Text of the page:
Achieving on & off the sporting field

Kevin Slabb

Talk to anyone involved in Indigenous surfing around Australia and one thing is for sure – they all know who Kevin Slabb is.

Kevin started surfing over 40 years ago in his home town of Fingal, New South Wales, and hasn’t stopped yet.

“I’ve never ridden a surfboard, only the long board,” he says. “That’s all that was around in my day. My family and I grew up at the beach – we’re real saltwater people. We’d go down to the water in the morning and spend all day catching worms to feed to the pippies, which we’d eat all day long! All us kids were crazy for the beach. Surfing was a natural progression for me and all my family.”

Kevin’s love of surfing is matched only by his sons’ prowess in the water.

“My boys just took to surfing, I didn’t even have to push them into it! I’m really proud of how well they’ve done. Josh was number 10 on the circuit for a while and is still in the top 20 . You have to remember where we live – from our front door we’ve got the choice of the ocean or the creek. Either way you end up a water person.”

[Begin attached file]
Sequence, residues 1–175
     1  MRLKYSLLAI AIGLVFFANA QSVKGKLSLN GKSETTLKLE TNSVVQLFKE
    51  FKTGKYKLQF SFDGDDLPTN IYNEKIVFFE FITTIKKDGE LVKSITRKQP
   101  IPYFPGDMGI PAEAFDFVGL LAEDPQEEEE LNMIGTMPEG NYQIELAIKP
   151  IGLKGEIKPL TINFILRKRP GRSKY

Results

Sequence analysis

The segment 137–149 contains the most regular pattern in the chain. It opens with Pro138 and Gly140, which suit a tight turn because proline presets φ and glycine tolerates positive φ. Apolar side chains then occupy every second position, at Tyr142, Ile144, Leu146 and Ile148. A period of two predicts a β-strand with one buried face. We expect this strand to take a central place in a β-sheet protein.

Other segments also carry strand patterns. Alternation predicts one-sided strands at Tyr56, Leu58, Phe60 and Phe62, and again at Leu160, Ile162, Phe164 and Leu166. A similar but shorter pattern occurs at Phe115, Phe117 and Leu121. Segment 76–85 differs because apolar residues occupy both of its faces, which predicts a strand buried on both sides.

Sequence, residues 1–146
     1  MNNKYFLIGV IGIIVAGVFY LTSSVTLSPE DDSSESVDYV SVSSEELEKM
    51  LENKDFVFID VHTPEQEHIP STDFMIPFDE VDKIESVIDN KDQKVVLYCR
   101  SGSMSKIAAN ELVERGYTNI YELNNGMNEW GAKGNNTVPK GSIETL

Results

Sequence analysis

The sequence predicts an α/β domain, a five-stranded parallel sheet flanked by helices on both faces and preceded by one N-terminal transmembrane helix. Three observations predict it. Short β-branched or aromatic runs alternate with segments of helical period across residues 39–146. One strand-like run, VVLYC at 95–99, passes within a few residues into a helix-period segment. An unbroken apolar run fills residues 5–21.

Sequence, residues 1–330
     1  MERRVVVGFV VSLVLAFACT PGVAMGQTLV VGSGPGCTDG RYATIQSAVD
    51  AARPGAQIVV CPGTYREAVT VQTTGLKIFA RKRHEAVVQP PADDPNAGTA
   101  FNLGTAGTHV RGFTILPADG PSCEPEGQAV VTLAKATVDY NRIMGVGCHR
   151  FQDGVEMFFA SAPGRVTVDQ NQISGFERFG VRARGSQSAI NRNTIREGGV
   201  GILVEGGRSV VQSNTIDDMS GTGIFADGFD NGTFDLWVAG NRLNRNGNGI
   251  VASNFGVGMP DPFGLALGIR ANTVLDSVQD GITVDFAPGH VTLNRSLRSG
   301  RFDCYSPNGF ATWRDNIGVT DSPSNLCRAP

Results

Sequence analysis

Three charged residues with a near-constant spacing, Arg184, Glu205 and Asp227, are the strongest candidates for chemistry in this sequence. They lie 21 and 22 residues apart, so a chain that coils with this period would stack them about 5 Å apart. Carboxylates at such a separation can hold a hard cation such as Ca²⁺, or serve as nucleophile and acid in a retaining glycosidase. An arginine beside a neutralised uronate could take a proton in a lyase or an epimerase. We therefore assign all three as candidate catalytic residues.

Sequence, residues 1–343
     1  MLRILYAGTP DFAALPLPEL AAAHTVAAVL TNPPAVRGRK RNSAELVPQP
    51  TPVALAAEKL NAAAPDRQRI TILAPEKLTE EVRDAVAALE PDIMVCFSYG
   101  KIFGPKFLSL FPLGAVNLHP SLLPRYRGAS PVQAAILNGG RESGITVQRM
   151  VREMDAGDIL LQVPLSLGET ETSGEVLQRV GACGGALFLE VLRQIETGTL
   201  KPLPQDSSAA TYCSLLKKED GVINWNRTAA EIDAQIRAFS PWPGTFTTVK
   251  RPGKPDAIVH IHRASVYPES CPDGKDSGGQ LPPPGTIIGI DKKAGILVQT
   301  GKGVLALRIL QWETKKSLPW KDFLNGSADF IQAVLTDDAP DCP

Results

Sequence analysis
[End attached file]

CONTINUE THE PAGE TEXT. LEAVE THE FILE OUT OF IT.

Kevin is happy to see that there are now opportunities for Indigenous surfers to catch the right wave and showcase their talent right around the world.

“When I was young there weren’t any competitions for blackfullas,” reflects Kevin. “There were barely any Indigenous people surfing full-stop. We didn’t join surf clubs or stuff like that and to be a professional surfer or compete you needed financial backing. This was in the days before sports grants or funding of any sort.”

The “we” includes Barry Paulson and John Fonmosa, both avid surfers who were two of the first Aboriginal people to join a board riding association. Meanwhile, legendary non-Aboriginal surfers Wayne Lynch and Eric Murphy banded together in 1993 to start an Indigenous surfing competition in Wreck Bay.

“That first competition was amazing,” says Kevin. “It really made everyone realise how much talent was out there. All the kids did really well and Gavin Dickinson won the top prize. The momentum kept growing and in 1995 we were invited to Hawaii to surf and dance – it was like a big cultural exchange.”

While in Hawaii, Kevin was inspired to start an annual surfing competition for Aboriginal people in Australia as a way of nurturing local talent. After much preparation and word of mouth, the first competition got underway at Fingal in 1996 with some 90 surfers in attendance.

And as the saying goes, the rest is history. Taking Fingal’s lead, other communities have decided to start their own surf comps. Kevin’s sons have even gone one step further and started their own surf school.

“I’m like the silent partner,” laughs Kevin. “I was saying to them that it’s like when a footy player retires. What do they do? They go on to become coaches or trainers. So I said to the boys: ‘Why don’t you guys use your talents and start up a surf school?’ That way they not only get to use their skills, they also encourage others to get into it.”


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